Professional Skepticism In Accounting Ethics

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Professional Skepticism is not new in the accounting profession, in fact, it was first labeled as such in 1977 in SAS (Statement of Auditing Standards) 16 (Ray 2015). Professional skepticism is a critical trait of an auditor. Both international and US audit standards call for professional skepticism as a key component of an audit (PCAOB 2012; IAASB 2016). The Public Company Accounting Oversight Board (PCAOB), created as a result of the Sarbanes-Oxley act of 2002, has cited a lack of professional skepticism many times and it is one of the major audit deficiencies cited against accounting firms and auditors (Beasley et al. 2013; Manita and Najoua 2015; Boyle and Carpenter 2015). An auditor with a higher professional skepticism will be more difficult…show more content…
Prior research has stated that professional skepticism is an attitude followed by the act of being skeptical (Nelson 2009; Hurtt et al 2013; Robinson, Curtis, and Robertson 2018). Professional Skepticism is defined as "an attitude that includes a questioning mind and a critical assessment of audit evidence" according to the PCAOB (2012). Professional skepticism has a trait and a state component (Hurtt, 2010; Robinson, Curtis, and Robertson 2018). Trait skepticism is a characteristic of an individual developed over time while state skepticism is induced in a moment based on a situation or circumstance (Hurtt 2010; Robinson, Curtis, and Robertson 2018). Prior to 2010, there was no clearly defined scale published to measure professional skepticism. Due to this, the Hurtt Professional Skepticism Scale (HPSS) was researched and developed (Hurtt 2010). The HPSS was developed to score trait professional skepticism based on six characteristics. Hurtt states the six characteristics include "a questioning mind, a suspension of judgment, a search for knowledge, interpersonal understanding, self-esteem, and autonomy" (Hurtt 2010; Hurtt et…show more content…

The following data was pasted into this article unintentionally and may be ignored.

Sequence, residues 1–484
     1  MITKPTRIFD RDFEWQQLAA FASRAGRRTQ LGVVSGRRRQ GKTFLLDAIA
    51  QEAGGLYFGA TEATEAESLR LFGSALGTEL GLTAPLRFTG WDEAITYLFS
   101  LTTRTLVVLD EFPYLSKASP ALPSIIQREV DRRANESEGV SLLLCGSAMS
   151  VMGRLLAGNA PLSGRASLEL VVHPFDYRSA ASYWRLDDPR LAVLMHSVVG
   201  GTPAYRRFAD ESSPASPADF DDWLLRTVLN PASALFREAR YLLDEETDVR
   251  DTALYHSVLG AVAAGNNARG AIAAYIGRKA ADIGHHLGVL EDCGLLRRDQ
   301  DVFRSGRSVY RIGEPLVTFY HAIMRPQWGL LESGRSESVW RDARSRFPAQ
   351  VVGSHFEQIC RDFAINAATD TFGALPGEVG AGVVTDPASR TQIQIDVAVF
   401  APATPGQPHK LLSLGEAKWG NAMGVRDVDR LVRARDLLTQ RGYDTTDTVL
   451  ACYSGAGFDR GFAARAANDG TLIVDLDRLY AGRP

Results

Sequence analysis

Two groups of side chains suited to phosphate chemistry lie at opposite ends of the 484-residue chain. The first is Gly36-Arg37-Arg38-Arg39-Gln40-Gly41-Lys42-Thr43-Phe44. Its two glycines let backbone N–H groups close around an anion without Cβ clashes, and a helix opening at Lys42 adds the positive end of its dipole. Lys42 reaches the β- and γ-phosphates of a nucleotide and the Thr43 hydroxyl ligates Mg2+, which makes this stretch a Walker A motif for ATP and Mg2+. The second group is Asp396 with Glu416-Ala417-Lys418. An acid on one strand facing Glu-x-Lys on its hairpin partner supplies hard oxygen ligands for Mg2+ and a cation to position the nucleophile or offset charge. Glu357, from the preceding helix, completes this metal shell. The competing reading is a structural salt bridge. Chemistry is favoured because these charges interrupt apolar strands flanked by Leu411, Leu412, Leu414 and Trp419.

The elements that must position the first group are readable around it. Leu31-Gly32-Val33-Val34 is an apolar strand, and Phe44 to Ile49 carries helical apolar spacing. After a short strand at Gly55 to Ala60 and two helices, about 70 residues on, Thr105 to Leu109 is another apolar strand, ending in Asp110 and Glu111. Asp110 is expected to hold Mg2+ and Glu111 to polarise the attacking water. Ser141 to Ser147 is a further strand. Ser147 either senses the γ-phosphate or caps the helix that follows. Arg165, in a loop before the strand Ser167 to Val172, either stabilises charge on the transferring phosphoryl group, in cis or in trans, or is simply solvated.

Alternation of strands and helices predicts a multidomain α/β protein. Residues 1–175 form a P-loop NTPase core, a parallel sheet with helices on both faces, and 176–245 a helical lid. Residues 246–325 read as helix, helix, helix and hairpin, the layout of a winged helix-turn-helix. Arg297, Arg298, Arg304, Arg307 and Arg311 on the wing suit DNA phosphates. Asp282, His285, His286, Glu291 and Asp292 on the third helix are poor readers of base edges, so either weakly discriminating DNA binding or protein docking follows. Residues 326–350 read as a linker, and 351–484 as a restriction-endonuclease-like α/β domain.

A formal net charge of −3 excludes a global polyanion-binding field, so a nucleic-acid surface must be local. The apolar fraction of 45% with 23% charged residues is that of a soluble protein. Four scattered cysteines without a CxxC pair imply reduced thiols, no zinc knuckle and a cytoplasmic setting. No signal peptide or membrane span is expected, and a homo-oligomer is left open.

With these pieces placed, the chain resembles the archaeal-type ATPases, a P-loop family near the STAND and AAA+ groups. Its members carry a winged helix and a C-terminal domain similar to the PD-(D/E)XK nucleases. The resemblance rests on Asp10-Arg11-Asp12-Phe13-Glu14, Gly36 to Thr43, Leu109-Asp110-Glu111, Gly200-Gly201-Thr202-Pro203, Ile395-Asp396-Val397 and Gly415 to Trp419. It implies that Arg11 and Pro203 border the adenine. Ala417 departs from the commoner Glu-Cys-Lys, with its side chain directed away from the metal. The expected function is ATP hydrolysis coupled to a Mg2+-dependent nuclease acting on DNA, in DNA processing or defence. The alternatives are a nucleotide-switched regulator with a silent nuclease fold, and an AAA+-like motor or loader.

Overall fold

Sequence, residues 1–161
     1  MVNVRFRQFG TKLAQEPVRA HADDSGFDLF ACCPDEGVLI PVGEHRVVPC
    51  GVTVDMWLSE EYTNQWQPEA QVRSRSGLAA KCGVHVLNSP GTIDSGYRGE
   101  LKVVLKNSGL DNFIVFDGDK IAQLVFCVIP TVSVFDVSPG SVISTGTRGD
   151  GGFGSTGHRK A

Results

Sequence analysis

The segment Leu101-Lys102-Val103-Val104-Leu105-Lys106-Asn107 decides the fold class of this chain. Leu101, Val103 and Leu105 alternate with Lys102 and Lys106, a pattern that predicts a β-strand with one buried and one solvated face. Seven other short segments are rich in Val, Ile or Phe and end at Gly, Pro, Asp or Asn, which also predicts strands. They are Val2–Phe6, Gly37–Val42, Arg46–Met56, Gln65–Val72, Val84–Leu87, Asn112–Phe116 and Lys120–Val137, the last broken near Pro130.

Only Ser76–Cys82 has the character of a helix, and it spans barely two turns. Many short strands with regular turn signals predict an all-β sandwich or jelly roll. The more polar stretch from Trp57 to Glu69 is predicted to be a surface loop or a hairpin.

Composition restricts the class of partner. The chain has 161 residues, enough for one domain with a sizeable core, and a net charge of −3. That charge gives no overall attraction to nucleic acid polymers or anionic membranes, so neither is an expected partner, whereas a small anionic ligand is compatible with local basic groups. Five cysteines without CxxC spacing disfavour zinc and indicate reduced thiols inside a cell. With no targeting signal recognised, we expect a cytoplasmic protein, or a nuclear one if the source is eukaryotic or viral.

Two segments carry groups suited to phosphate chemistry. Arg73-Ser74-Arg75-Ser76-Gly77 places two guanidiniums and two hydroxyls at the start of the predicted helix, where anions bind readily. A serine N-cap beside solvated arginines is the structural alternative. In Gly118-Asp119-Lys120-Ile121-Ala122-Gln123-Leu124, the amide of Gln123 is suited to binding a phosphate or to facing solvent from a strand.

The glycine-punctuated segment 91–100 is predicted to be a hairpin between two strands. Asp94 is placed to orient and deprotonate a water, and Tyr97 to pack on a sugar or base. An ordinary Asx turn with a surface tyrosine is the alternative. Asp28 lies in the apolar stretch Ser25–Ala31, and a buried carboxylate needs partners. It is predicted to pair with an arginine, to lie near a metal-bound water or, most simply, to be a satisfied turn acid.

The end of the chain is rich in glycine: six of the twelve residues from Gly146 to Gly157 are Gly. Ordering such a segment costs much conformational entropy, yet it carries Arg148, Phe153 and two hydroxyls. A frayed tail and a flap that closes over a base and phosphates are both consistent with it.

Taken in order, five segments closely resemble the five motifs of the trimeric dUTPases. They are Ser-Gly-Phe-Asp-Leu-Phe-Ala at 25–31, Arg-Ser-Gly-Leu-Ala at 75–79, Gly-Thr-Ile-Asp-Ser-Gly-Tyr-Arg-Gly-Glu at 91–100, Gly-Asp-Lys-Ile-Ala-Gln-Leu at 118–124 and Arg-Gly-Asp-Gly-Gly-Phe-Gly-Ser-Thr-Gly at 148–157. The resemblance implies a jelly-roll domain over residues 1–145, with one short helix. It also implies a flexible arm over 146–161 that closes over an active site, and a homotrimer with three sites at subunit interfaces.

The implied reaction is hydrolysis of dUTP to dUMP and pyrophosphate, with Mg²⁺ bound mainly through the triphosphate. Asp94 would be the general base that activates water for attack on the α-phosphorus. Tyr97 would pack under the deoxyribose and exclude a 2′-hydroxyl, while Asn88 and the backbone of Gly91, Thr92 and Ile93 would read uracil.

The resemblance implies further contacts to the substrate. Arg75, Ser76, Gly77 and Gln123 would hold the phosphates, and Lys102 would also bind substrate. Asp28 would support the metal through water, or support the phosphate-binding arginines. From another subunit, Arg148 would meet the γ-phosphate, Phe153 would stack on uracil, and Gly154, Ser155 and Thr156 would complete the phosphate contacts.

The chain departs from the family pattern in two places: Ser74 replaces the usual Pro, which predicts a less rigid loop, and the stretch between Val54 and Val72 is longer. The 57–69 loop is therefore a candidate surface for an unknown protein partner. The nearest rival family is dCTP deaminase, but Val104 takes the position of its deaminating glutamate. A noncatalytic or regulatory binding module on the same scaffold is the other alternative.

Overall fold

Research has linked skeptical behavior of an auditor to trait professional skepticism (Hurtt, Eining, and Plumlee 2012), explored how trait skepticism and experiences with a client impact auditor judgment (Popova 2012), the impact that industry specialization may have on professional skepticism (Grenier 2016), and validation of the HPSS and the development of a process for state skepticism scale development (Robinson, Curtis, and Robertson 2018). The primary focus of prior research using trait skepticism has been on the decisions made by auditors in relation to skepticism, not if trait skepticism can be altered due to training. In the discussion of audit training, Hayes administered the trait professional skepticism scale on auditing students to see if those who ranked high in trait skepticism made more skeptical assessments of the management fraud risk (Hayes 2016). The focus is on the decisions made and does not test the impact of audit training or teaching skepticism on ones' trait professional skepticism. Research has also shown that audit training may indeed reduce the difference between those with high skepticism and low skepticism (Fullerton and Durtschi 2004), this research was suggested prior to the development of the HPSS to analyze trait

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